Defendant argues that Essex must defend it against Lillrose's claim that it negligently retained its employees because the Policy does not explicitly exclude negligent retention claims, but is limited to "alleged negligence or other wrongdoing in the hiring, training, placement, supervision, or monitoring of others." (Def.'s Opp'n at 12.) The Court need not determine whether this exclusion applies, because the liquor liability exclusion applies to claims that defendant's negligent employment practices caused or contributed to intoxication. See Interstate Fire, 136 F.3d at 833 (identical exclusion "plainly covered" claim alleging "negligent hiring, training, and supervision of those who served . . . excessive amounts of alcohol"). Although Interstate Fire did not explicitly hold that the exclusion at issue applied to negligent retention, there is no reasonable basis for treating negligent retention differently from negligent "hiring, training, or supervision." See id. The Policy plainly exempts from coverage any injuries resulting from Citron's "causing or contributing to the intoxication of any person." Id. Whether styled as negligent hiring, training, supervision, or retention is irrelevant, since Lillrose's claim is based on Citron's employees causing or contributing to Gamino's intoxication and is therefore excluded from coverage.
4. Claims Unrelated to Serving Alcohol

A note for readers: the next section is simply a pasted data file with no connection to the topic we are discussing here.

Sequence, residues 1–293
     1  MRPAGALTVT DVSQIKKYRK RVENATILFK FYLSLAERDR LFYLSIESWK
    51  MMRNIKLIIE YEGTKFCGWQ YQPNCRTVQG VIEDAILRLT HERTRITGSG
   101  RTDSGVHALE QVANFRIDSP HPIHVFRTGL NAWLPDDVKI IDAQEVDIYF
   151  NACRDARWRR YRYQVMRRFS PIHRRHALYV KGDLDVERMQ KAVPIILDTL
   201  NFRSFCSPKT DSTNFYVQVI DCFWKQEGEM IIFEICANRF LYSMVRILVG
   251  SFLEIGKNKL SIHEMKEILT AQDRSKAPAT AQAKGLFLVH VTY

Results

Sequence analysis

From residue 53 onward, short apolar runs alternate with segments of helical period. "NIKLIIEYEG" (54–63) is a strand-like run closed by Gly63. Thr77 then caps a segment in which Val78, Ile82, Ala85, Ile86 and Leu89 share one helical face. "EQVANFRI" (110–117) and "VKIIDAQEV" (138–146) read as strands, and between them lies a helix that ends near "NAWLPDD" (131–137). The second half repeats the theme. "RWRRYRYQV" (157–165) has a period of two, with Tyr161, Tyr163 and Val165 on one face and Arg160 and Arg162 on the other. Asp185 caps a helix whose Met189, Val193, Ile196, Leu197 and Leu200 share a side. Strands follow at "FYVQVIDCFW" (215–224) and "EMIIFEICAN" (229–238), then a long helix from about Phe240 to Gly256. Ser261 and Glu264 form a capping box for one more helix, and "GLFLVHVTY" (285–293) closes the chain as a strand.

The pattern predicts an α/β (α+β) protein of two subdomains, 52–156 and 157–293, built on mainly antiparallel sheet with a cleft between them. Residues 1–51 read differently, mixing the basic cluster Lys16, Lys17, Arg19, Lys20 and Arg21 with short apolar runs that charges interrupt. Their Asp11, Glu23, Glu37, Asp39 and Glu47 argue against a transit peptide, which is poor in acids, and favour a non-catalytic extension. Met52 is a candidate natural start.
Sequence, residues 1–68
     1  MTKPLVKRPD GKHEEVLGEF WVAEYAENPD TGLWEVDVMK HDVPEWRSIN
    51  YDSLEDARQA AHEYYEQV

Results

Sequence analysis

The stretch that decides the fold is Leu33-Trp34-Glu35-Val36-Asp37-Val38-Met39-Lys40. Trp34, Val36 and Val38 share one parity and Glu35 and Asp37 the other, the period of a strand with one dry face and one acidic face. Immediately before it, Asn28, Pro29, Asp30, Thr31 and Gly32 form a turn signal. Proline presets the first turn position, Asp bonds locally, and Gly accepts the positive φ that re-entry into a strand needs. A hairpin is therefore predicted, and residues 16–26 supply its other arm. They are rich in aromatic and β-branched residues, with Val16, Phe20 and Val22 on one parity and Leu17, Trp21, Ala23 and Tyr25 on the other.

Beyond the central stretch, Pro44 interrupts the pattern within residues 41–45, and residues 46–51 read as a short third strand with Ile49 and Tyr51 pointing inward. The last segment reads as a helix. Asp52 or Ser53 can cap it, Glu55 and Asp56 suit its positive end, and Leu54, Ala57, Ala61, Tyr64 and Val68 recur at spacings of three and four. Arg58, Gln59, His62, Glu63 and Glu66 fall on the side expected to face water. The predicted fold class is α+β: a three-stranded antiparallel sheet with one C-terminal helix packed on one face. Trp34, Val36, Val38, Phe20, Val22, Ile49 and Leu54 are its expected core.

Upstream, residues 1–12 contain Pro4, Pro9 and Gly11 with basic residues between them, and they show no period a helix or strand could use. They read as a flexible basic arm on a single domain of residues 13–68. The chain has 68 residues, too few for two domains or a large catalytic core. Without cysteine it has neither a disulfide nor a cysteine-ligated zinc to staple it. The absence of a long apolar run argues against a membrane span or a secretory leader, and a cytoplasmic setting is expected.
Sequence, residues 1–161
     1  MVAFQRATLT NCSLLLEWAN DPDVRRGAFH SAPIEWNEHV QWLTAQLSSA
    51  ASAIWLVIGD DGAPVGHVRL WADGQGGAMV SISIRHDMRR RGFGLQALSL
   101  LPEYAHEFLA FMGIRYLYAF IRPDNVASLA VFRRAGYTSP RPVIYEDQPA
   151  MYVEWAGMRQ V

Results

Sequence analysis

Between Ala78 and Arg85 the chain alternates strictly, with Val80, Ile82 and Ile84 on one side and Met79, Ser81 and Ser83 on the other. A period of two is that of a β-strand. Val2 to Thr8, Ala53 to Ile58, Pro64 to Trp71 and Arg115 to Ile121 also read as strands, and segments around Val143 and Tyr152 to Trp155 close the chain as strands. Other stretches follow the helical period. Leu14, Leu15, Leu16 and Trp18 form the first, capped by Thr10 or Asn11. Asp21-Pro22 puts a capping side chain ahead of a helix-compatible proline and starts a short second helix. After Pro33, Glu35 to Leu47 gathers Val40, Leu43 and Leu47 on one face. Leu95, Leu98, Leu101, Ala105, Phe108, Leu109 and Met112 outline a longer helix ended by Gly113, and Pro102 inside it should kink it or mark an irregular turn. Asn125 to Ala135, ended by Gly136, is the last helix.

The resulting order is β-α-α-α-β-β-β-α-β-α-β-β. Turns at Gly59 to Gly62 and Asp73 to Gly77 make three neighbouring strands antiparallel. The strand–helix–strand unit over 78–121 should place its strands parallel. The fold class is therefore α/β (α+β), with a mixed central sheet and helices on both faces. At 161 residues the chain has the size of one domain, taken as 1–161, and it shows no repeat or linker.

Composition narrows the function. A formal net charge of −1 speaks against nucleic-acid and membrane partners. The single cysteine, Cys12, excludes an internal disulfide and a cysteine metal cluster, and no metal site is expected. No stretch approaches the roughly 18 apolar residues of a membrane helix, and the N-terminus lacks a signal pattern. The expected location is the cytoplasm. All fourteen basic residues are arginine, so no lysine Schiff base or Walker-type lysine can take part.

Plaintiff argues that any remaining claims not based on serving alcohol are barred by section D of the liquor liability exclusion. (Def.'s Mot. at 13-14; Def.'s Reply at 3-5.) Lillrose has alleged that Citron did not abide by its existing policies and did not carry out its duty to protect the public when it failed to detain Gamino or provide him with alternative transportation. (See Compl. ¶¶ 17, 19.) Essex argues that section D of the Policy clearly excludes all of Lillrose's remaining claims (Pl.'s Mot. at 13-14), because it excludes "any injury, loss or damage arising out of" "failing to provide transportation, detaining or failing to detain any person, or any act of . . . not assuming responsibility for the well being, supervision or care of any person allegedly under or suspected to be under the influence of alcohol." (Policy at 14.) Thus, to the extent Lillrose's claims are not "contingent on" the provision of alcohol, section D excludes them because they are "contingent on" defendant's failure to detain Gamino or provide him with transportation. See Interstate Fire, 136 F.3d at 833.